This is a topic I've been meaning to blog about for ages - but it's also a topic the world and his wife have already spoken about. I've been collecting articles on the net and in print about it - but I'm deliberately not digging them out again because I just want to give my own opinions, even though my opinions are bound to echo those expressed in said articles. The question is: what do we think of e-readers?
My gut instinct is a Luddite one, and when I saw pictures of Amazon's Kindle machine my baseline hostility had aesthetic revolt added to it. The thing looks ghastly. Why do gadget producers think white is a practical colour for a gizmo they hope will be in daily use (cf Apple products)? That pristine science fiction purity will not last - the thing will end up fingerprint-tainted and smeary. Yich. The Kindle's whiteness just looks cheap to me and the design is pug-ugly and clumsy. It reminded me of gadgets sold in the Seventies with cheesy tacky adverts - do you remember K-Tel? Did you buy a pantograph, perchance?
So, absolutely no temptation factor. A few months ago Borders in Oxford started stocking the iLiad - when I looked at the picture of it on the box, I felt faint stirrings of desire, because at least this one had something I think is an absolute necessity if we're to rush out and buy the things - gadgets like this need to be sexy. They need to be sleek, seductive, beautiful. They need to make us want to reach out and touch. Unfortunately all I had in my hand was an empty box - notices advised customers that a member of staff would demonstrate the iLiad if we asked. No way. I didn't want to be subjected to the hard sell which I assume would be an inevitable component of the demo and would take the fun and intrigue right out of it. Plus it costs £399 - way too much for me to want to take the plunge.
Now along comes Waterstone's, arm in arm with Sony. They've very cleverly gone a step further: they have a Sony e-reader on display and you can touch its buttons, feel its force. You can, in short, play with the thing. It's slim and sleek - it's not perfect, but it has that sexy edge that appeals. It actually seems to be user-friendly and easy to get on with. It's also cheaper: £199 - although I still think that's too high. I feel these things need to be under the £100 mark to really take off. However, when I asked a member of staff in my local Waterstone's, he said they'd sold out and were waiting for new supplies.
So, perhaps, after all the advance notices, the e-reader's moment really has come. This leads to all sorts of alarmist headlines about the death of the book, bleh, bleh, bleh. Nah. Not going to happen. What will happen is that we'll have two complementary technologies, each of which has its own advantages, but neither of which is so perfect as to signal the death of the other.
If I were to buy an e-reader it would be for two main reasons: to store reference books which are vast and unwieldy, and for its portability. This is an area where I feel it could really come into its own: when I'm travelling I'm weighed down by books and, as I noted when discussing my recent holiday, worried that I'm going to run out of reading material (fate worse than death). So a nifty little slice of silver sleekness, loaded with books to suit whatever mood I'm in - brilliant! Downsides? Batteries - what if I run out of power at the most gripping point of the story? Fear of theft - that's a big investment to lose.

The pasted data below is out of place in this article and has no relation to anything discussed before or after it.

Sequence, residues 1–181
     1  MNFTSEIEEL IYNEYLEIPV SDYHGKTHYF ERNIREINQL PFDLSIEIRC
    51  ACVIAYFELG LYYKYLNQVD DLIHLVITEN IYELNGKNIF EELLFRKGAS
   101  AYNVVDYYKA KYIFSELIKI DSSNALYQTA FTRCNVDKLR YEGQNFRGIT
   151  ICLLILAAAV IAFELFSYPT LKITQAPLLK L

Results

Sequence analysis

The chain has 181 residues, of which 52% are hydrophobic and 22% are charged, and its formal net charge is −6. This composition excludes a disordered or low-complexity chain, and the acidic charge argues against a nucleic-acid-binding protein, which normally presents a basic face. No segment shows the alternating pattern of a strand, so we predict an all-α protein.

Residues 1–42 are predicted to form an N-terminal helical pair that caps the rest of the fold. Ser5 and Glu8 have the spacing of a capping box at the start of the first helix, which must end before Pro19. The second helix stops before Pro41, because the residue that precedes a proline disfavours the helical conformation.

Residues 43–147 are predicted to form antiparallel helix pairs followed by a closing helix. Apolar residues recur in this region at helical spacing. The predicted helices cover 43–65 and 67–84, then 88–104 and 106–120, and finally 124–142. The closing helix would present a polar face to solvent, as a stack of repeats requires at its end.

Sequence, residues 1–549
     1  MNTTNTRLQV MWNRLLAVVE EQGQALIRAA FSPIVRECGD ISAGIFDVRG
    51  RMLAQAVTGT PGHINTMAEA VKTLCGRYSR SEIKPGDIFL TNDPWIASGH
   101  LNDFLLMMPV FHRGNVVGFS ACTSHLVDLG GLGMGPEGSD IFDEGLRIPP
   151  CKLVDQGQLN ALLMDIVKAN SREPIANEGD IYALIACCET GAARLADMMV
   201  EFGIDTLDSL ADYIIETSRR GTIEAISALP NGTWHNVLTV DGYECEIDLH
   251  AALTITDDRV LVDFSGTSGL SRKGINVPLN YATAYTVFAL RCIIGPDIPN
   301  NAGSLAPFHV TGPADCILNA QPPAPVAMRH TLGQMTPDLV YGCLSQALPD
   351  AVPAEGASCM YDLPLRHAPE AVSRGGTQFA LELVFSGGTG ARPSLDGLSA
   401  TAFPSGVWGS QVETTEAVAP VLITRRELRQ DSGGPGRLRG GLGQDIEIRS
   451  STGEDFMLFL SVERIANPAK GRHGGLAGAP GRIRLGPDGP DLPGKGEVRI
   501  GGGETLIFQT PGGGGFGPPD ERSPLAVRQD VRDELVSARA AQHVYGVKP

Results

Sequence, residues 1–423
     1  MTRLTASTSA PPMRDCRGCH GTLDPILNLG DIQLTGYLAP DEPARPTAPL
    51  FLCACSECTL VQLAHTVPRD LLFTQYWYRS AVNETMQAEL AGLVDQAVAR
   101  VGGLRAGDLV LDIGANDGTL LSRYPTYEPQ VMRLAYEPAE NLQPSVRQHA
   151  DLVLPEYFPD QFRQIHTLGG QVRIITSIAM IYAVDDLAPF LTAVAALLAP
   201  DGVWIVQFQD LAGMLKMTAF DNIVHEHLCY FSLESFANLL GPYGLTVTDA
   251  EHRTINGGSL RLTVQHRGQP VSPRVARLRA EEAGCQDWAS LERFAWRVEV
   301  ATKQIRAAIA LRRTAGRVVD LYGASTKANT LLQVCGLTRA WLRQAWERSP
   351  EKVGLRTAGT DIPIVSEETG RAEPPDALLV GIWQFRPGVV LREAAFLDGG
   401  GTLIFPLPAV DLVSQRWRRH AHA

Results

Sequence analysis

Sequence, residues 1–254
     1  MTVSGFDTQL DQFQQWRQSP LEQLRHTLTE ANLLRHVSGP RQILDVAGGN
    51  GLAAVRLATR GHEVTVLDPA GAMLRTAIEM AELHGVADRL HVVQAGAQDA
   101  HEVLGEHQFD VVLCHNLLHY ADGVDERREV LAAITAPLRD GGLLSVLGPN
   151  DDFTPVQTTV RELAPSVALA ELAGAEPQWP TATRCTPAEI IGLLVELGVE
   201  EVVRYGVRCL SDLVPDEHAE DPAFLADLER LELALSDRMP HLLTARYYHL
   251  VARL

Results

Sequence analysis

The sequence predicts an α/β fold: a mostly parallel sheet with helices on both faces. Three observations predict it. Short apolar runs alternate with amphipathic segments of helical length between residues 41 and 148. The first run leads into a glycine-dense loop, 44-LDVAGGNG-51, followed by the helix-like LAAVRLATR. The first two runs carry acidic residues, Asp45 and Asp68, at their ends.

Books, now. Ah, books ... I sniff at my new books like a Bisto kid. I stroke their spot-laminated covers. I browse in bookshops and buy books by happenstance - e-tailing and downloading is fine if you already know what you're looking for. I find old books I never knew existed and read notes and signatures written by people long dead who also cherished these words. I pick up a book, I put it down, I pick it up again - it is still there for me, patient and loyal, ready to give up ideas, knowledge and felicitous phrases whenever I want. It does not run out of charge. If I lose my place or want to find a previous reference, I flick. I don't scroll. I can find my way about it with ease and there is a democracy of pages at work. I don't have to jab buttons. In my house, books teeter in piles and are crammed on shelves, their spines a display of colour, of changing fashions in jacket copy, an instant reminder, each one, of when and why I bought it, an instant trigger to feelings I had on reading it, what was going on in my life during that first literary encounter. Some are tucked away, shamefast, like old boyfriends you cannot for the life of you understand once had an appeal for you. Some evoke the safety of childhood. Some scream youthful pretentiousness at you - how embarrassing ... Some are comforts in the darkest night. Some have stretched your horizons. Some make your heart race. Some lull you with the most beautiful of rhythms, the most beloved of words. Some make you cry. And they're all there, eternally waiting without reproach, just for you.
So if someone wants to give me an e-reader for Christmas, well, yippee. It'll be fun. It'll be a frolic. But the love of books, real paper books, tried and trusted (bless you Gutenberg) solid enduring instant-access books - that love is in the marrow of my bones.